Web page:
Monday, June 27, 2016

Herge Museum

On Saturday Rick and I set out to find the Herge Museum.  This involved a train ride with a change of trains so we were pleased we managed to achieve the return journey without getting lost.

The hallmark of most cities seems to be the universal language of graffiti that lines the railways in every spot available.
Louvain-La-Neuve railway station at the university is an example of celebration of this art form.
From here to the Museum where we learnt more about Georges Herge the man behind the Tin Tin comics which provided so much enjoyment for my sons during their formative years.
There was more to Herge than comic books.  He was absolutely fascinated with cats, particularly Siamese ones.
All in all it was very entertaining working our way through the Museum and gaining insights into the person who created the character of Tin Tin.
Apart from Tin Tin I had not appreciated how much the Belgians and Europeans on the whole love the comic book culture.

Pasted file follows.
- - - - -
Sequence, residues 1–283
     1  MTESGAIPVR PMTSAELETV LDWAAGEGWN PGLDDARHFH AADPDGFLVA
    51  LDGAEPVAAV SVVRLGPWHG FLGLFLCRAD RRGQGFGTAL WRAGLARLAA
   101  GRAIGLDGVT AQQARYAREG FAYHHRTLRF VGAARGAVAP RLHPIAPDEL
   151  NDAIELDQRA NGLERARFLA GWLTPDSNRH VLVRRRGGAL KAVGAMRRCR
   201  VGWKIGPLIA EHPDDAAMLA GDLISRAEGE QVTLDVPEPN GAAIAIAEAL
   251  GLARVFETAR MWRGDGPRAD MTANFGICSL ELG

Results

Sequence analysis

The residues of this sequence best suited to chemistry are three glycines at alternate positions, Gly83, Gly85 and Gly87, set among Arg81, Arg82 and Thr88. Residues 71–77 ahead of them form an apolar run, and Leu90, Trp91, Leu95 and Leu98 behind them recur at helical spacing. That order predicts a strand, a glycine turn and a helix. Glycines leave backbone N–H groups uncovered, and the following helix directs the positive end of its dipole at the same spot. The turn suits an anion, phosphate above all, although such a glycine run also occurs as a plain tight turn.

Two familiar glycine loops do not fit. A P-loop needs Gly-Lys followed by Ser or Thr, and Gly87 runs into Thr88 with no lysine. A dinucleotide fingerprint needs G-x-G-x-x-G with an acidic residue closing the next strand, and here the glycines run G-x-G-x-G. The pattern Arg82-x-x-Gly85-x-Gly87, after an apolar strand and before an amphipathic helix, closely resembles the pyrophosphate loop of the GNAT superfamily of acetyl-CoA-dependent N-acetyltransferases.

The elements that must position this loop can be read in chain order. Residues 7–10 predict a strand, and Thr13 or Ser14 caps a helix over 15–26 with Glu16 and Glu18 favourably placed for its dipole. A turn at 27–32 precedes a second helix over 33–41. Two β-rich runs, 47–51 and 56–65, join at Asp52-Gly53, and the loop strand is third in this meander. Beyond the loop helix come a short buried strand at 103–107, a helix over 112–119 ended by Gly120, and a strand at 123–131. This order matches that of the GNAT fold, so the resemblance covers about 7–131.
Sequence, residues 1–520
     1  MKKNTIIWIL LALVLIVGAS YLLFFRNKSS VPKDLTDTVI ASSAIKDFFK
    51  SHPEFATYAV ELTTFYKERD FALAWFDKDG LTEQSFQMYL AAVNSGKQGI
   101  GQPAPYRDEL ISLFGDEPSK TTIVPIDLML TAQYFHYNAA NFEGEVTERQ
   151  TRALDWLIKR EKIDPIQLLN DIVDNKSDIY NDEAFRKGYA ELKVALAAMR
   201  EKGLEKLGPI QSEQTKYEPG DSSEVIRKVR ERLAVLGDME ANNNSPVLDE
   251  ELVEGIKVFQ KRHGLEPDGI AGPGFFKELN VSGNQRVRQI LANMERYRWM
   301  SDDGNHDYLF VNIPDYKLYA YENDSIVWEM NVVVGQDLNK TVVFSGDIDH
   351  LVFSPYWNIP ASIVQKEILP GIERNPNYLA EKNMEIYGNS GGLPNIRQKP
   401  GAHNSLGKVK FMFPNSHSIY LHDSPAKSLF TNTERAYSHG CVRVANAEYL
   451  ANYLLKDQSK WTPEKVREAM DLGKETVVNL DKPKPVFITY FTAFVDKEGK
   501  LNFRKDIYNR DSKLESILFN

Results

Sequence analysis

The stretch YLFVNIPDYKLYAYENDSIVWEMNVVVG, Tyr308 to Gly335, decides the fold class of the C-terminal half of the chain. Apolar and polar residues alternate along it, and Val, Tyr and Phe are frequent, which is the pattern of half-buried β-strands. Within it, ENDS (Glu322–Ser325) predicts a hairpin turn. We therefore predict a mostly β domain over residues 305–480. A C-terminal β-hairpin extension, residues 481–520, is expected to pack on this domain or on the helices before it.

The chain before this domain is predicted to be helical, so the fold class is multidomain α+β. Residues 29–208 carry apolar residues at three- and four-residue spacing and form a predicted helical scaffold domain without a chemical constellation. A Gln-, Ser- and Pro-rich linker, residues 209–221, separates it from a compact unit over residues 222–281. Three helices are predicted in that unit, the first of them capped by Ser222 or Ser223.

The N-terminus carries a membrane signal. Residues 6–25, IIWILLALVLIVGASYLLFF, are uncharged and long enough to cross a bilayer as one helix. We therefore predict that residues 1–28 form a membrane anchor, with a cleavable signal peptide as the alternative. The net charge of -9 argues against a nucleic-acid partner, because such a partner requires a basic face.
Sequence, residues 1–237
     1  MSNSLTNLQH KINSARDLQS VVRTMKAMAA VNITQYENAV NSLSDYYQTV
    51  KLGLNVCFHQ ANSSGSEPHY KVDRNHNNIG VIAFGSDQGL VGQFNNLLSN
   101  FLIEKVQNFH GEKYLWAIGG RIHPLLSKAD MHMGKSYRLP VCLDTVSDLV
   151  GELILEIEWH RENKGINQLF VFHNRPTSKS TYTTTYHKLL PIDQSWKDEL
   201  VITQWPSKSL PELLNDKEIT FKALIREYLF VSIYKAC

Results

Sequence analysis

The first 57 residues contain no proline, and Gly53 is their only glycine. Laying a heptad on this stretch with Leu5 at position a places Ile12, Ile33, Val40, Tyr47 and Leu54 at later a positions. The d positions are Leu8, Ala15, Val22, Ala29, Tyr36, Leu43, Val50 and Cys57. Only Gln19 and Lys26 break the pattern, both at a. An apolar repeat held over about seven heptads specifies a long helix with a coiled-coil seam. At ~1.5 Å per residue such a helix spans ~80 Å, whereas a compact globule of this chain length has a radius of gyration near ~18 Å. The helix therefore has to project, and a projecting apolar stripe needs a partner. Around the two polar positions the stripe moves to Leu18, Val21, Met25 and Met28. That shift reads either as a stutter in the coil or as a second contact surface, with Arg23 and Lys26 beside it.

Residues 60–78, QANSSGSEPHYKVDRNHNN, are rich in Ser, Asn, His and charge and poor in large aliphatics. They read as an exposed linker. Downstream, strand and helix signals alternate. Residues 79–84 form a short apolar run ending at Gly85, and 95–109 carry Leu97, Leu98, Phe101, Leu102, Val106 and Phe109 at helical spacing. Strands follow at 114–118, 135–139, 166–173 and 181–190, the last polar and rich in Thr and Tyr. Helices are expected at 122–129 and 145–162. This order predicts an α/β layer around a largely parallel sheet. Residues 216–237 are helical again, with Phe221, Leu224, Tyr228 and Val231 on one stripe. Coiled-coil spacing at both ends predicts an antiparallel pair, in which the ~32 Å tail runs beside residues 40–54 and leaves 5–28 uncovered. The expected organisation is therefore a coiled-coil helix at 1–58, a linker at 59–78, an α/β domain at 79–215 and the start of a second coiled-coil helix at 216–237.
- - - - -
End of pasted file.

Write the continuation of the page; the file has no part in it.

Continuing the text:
We visited a bookstore which was totally dedicated to comic books and not just black and white floppy covered comic books, these are full colour with glossy hardback covers.
Herge apparently lamented the fact that comic books were not always accepted as a proper form of reading and hoped that by the year 2000 it would become more acceptable.

We grew up in an era where comic books were disdained by our school teachers.  Our mother took the point of view that if we were reading comic books it was better than not reading at all so I think she and Herge would have had something in common.


Tired Teacher said...

The local public libraries have sections especially for comic books and graphic novels: the youngsters love them.

margaret said...

what lovely graffiti! Interesting reading about Herge must admit I have never been a fan of comics or cartoon films though as a child did not enjoy reading either